osso bucco

Taking on braising big boned pieces of meat can feel like you have just been handed the ropes of a sailboat on the open sea with nothing but thin soled boots to get you to the other side.
Don’t worry about it. First of all, you are in a kitchen. There is no figuring out how to collect fresh drinking water from the eyeballs of large fish in case you get caught in some kind of crazy storm. The panic that comes with osso bucco is way more manageable.
Things like:
how to sear
how to get the meat to soften up
the low, nagging hum of how to get that depth of flavor that will make you feel like it wasn’t a mistake paying all of that money for a piece of meat.

Start with your stock. Buy organic wings and bring them to the boil in plenty of water with a few stalks of celery, a carrot, a peeled onion, a leek, half of a seeded tomato, a garlic clove, bay leaf, parsley sprig and thyme sprigs. Let that go for at least an hour with a spill of olive oil, or butter if you don’t have good olive oil. (Get some good olive oil.)
Now the sear. Dust the shanks with flour. Give them a good slap so that no more flour than necessary sticks to the meat. Season the shanks on all sides with kosher salt. Kosher salt will give you the most control when you pick it up with your fingers; you are looking for a nice even coating. Get a heavy sauce pan hot on a medium to high flame. Give it a spill of olive olive where the meat will sit. Add the meat. Don’t touch or prod it or push it around. Just let it sit for a few minutes. If you have a nice sized pan, you may be able to get two or three cuts in there, but you don’t want to overcrowd. Now take a peek underneath. You are looking for a deep chestnut color. When you are sure you have it, flip and sear the other side. You may have to give the pan another spill of olive oil. When all the pieces are done, arrange in a roasting pan. Mop out the sauce pan with a piece of paper towel, using a pair of tongs. Dab the pan, leaving the crusty bits. Add a carrot, a stalk of celery, a clove of garlic, and a half an onion per 3 pounds of meat. When the vegetables are starting to stick to the pan, give them about 1 cup of delicious, deep red wine. Nothing sweet. Add about another cup of water, and bring to a simmer. Pour everything over the osso bucco in the roasting pan, adding a few sprigs of thyme, a few sprigs of sage and a bay leaf. Cover with parchment to fit the pan, and aluminum foil. Roast at 350 degrees.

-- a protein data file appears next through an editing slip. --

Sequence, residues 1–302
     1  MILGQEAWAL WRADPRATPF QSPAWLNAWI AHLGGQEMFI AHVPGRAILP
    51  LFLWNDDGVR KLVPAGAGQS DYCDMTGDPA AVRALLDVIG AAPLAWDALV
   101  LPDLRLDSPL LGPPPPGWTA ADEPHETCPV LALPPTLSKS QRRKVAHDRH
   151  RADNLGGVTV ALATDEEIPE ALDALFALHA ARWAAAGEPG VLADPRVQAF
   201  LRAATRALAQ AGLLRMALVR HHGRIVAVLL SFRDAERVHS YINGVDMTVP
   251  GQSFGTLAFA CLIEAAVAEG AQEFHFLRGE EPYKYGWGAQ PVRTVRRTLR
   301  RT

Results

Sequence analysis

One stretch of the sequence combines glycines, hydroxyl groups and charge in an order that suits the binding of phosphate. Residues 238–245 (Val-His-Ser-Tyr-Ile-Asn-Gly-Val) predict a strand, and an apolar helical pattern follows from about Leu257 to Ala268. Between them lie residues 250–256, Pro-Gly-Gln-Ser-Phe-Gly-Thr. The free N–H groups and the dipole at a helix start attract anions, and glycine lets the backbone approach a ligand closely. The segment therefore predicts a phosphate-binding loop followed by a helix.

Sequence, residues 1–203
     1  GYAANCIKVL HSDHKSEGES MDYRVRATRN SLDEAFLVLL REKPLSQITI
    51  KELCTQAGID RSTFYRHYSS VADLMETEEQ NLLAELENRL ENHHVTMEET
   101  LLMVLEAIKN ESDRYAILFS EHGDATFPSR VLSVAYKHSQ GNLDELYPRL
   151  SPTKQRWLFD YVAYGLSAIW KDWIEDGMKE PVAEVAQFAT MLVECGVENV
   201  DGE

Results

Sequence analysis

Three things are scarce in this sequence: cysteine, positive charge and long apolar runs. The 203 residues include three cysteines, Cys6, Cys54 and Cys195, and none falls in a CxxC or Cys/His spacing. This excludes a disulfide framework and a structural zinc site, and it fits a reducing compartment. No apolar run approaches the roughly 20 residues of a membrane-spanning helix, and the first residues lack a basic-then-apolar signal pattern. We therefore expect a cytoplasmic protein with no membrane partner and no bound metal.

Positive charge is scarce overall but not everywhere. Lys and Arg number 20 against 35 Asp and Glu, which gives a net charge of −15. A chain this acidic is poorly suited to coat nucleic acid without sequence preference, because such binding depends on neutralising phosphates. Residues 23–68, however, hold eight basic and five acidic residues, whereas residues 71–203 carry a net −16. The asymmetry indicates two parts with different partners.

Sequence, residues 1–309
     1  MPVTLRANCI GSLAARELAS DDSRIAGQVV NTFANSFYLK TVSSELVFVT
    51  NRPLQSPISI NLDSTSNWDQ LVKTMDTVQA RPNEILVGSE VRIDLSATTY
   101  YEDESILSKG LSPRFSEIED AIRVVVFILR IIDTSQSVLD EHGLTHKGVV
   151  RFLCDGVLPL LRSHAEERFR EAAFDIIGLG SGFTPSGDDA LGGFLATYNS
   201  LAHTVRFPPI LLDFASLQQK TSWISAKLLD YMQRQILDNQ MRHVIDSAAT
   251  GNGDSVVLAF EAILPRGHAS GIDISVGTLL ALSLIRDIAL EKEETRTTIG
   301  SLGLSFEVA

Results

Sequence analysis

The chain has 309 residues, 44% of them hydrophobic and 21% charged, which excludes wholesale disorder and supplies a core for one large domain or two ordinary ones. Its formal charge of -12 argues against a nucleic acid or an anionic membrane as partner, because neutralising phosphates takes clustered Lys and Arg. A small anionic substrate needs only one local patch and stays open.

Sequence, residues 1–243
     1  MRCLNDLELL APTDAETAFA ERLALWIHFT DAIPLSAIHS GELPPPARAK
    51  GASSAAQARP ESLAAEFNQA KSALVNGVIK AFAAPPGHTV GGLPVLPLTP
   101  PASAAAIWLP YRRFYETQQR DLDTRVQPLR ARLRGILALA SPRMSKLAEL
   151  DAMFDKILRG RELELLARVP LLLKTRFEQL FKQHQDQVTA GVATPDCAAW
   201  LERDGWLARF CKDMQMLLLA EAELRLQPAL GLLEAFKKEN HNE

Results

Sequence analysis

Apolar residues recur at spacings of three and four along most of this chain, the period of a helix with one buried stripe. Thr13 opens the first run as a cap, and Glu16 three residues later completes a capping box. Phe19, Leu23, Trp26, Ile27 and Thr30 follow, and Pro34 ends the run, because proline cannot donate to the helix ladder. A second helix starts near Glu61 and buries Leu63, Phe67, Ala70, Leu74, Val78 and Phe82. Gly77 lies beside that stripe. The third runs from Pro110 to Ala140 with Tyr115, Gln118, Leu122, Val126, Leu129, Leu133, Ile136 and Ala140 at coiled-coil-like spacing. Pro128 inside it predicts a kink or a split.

Now you are going to make the soffritto, that will saute, watched closely, for about 40 minutes over a medium flame.
Finely chop two peeled carrots, 4 celery stalks, and two medium yellow onions. Saute in good olive olive oil with two cloves of smashed garlic, a sprig of sage, sprigs of thyme, and a sprig of parsley, until they completely collapse under the pressure of your tooth with no resistance. Season lightly with salt and pepper. Remove the bucco from the oven. Add stock to come about a third of the way up the meat, and all of your soffritto. Remove the large vegetables. Turn the meat over, and re cover. It will need about 2 and half hours total of cooking time, so at this point, you have about an hour and a half left. Check a few more times before it is done. I like to cut a small piece from one of the shanks when it is getting close, to make sure that it is fork tender. When you are there, remove the meat and set aside. Skim the fat from top of the sauce in the pan taste. It may need a little more wine for a bit of sharpness, or it may need a little stock to ease it up a little. You can mount it with a piece of cold butter to make it satiny smooth. Taste again. Pour over the meat and serve with a saffron risotto.

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